Taiwan’s Ministry of Digital Affairs (MODA) plans to implement decentralized technology on its web portal to fight cyber attacks. InterPlanetary File System (IPFS) is a Web3 technology that government officials will use for decentralized file sharing.
IPFS identifies content through file hashes, allowing files stored by multiple parties to be located anywhere and accessible via simple HTTP.
This development comes on the heels of US House Speaker Nancy Pelosi’s controversial visit to Taiwan, despite warnings from mainland China.
Since the visit, government websites have faced multiple attacks from mainland China. Among them, a Distributed Denial of Service (DDoS) attack that left sites inaccessible.
Pelosi’s visit to Taiwan not only rocked the boat geopolitically, but also made waves in the cryptocurrency market. Bitcoin rallied to its daily resistance of $23,500 on August 3, the next day.
However, the new MODA site is being revamped by implementing Web3 technology and currently has the original site’s archives and index available on IPFS.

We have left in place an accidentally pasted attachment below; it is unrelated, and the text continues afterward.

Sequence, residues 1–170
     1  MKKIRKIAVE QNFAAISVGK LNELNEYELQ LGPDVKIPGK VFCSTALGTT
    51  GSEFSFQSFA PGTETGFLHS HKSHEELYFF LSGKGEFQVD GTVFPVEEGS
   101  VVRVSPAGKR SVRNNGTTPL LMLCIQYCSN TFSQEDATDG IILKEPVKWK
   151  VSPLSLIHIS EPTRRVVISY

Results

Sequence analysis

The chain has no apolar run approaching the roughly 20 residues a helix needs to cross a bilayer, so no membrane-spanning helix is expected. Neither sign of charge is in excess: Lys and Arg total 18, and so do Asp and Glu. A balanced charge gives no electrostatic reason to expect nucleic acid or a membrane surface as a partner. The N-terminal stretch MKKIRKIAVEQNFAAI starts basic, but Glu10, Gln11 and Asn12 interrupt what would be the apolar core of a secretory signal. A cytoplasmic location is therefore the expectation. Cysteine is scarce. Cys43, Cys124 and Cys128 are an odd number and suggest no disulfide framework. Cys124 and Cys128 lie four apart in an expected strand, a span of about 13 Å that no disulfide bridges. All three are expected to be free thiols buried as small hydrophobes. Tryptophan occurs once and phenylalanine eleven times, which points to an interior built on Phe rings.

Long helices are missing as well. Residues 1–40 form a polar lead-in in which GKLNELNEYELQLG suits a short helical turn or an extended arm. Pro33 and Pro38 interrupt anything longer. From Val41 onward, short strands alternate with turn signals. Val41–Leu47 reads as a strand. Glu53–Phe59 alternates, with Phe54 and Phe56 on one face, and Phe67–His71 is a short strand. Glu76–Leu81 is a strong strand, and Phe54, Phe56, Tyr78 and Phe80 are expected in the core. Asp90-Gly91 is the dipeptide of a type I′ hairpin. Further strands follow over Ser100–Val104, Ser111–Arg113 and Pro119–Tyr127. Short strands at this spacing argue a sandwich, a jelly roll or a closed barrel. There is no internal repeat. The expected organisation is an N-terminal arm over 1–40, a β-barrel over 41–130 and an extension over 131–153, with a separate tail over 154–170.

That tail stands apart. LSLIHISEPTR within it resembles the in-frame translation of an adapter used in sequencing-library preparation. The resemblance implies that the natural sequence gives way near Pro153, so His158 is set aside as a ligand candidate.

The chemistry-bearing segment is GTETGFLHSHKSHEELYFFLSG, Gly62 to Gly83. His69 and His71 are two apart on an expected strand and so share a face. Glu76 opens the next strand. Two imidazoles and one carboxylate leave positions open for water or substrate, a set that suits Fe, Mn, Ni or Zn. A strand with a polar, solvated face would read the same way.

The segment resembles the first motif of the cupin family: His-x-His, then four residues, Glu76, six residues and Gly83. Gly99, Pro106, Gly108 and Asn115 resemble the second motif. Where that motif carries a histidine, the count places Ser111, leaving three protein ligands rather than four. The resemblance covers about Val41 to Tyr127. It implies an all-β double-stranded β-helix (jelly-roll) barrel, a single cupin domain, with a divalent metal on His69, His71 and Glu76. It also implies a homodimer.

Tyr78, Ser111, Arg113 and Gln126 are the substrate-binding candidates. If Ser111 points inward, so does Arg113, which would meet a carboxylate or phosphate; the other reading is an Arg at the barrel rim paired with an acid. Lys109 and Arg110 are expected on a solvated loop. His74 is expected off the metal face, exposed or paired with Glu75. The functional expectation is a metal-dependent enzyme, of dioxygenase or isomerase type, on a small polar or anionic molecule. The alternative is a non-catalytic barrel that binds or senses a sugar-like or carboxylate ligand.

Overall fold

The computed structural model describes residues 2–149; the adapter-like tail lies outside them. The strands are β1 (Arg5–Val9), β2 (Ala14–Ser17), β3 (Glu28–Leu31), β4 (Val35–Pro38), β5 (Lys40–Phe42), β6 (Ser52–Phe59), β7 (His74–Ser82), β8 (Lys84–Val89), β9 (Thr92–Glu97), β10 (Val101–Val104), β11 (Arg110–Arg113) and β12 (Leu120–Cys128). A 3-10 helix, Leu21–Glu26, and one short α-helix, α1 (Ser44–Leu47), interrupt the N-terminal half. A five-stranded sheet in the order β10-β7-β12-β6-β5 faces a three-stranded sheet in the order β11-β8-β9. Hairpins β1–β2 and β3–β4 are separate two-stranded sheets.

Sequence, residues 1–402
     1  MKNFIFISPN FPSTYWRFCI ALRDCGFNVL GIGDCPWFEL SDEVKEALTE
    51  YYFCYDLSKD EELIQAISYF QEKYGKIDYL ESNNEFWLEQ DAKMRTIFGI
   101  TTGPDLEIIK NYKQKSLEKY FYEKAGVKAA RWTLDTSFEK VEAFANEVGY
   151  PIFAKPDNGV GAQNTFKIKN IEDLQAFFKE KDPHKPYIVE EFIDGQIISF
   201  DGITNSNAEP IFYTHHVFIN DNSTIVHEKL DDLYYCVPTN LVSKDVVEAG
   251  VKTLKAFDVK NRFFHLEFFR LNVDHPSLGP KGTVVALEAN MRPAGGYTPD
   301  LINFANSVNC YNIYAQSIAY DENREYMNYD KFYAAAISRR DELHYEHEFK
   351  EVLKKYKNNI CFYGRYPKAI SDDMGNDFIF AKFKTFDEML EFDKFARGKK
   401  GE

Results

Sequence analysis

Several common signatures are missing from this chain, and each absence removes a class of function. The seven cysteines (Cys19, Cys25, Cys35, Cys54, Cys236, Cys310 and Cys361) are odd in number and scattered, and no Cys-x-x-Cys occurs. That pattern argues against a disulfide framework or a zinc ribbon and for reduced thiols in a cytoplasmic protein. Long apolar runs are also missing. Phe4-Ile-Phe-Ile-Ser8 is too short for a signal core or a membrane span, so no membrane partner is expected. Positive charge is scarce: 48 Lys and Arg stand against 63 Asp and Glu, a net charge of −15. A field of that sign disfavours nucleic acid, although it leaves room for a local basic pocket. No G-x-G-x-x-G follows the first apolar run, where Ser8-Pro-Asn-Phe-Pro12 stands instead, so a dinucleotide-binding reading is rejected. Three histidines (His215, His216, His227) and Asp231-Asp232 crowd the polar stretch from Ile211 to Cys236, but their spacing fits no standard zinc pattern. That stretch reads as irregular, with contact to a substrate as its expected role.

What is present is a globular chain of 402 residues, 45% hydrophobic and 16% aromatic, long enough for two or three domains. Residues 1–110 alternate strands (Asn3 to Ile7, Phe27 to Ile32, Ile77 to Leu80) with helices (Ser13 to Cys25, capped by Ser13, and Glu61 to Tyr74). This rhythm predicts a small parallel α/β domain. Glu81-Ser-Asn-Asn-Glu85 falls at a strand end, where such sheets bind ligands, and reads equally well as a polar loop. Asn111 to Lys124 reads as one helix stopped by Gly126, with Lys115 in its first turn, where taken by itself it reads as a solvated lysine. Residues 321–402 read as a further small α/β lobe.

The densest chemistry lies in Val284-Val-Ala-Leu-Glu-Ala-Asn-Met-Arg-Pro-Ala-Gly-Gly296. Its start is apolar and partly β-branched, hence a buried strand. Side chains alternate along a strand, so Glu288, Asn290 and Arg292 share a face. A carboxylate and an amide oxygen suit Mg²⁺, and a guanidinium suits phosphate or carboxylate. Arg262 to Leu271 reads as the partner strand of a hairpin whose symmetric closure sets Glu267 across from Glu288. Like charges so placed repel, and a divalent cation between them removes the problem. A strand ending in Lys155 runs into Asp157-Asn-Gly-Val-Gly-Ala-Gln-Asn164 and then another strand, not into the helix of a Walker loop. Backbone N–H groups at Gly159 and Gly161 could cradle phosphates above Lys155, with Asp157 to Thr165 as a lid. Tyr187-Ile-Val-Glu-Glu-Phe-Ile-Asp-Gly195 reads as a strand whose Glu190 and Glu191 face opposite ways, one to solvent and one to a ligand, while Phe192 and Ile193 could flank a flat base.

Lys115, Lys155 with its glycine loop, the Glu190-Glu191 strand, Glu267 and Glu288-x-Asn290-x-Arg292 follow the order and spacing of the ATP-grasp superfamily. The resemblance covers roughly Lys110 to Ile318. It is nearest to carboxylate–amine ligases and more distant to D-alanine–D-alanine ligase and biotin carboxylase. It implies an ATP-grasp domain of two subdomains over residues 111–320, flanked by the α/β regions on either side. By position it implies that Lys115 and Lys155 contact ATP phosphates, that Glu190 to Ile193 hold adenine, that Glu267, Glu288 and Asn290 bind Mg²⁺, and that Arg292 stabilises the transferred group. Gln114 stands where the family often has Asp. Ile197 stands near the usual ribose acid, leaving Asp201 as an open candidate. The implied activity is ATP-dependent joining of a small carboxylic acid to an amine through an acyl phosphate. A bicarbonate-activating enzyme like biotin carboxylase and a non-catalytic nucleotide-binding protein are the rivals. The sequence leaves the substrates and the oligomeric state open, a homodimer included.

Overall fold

Taiwan’s Minister for Digital Affairs, Audrey Tang, told official state media that, so far, The MODA site has not been attacked since it debuted on the same day the Chinese military began its exercises.
Tang said the site uses a combination of Web3 and Web2 tools.
“It uses a Web3 framework, which is tied to the global blockchain community and the global Web2 backbone. So if it can take down everything from Ethereum to NFTs, which is unlikely.”
According to Taipei officials, Taiwan suffered nearly 5 million daily cyberattacks, or at least system vulnerability scans, last year.
The implementation of Web3 technology is a positive step towards the implementation of emerging technologies. Although Tang highlighted the risks of other Web3 assets such as cryptocurrencies in activities such as money laundering.
Taiwan’s relationship with cryptocurrencies has its ups and downs. Recently, the country indirectly banned the purchase of cryptocurrencies with credit cards after the main financial regulator compared cryptocurrencies to online gambling.
However, the country, like many others around the world, is testing its own central bank digital currency (CBDC). Currently, it is distributing its digital currency to five Taiwanese banks for distribution.
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